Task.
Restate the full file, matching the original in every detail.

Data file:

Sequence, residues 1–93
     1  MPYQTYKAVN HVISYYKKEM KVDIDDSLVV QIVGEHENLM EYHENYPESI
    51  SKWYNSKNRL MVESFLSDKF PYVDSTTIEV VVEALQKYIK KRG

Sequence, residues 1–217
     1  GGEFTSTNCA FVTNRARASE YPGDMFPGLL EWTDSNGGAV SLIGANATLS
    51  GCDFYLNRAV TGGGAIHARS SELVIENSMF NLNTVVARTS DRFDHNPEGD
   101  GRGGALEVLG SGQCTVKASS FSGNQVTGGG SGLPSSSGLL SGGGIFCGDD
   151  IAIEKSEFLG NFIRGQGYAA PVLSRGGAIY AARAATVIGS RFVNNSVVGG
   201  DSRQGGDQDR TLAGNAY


Sequence, residues 1–93
     1  MPYQTYKAVN HVISYYKKEM KVDIDDSLVV QIVGEHENLM EYHENYPESI
    51  SKWYNSKNRL MVESFLSDKF PYVDSTTIEV VVEALQKYIK KRG

Sequence, residues 1–217
     1  GGEFTSTNCA FVTNRARASE YPGDMFPGLL EWTDSNGGAV SLIGANATLS
    51  GCDFYLNRAV TGGGAIHARS SELVIENSMF NLNTVVARTS DRFDHNPEGD
   101  GRGGALEVLG SGQCTVKASS FSGNQVTGGG SGLPSSSGLL SGGGIFCGDD
   151  IAIEKSEFLG NFIRGQGYAA PVLSRGGAIY AARAATVIGS RFVNNSVVGG
   201  DSRQGGDQDR TLAGNAY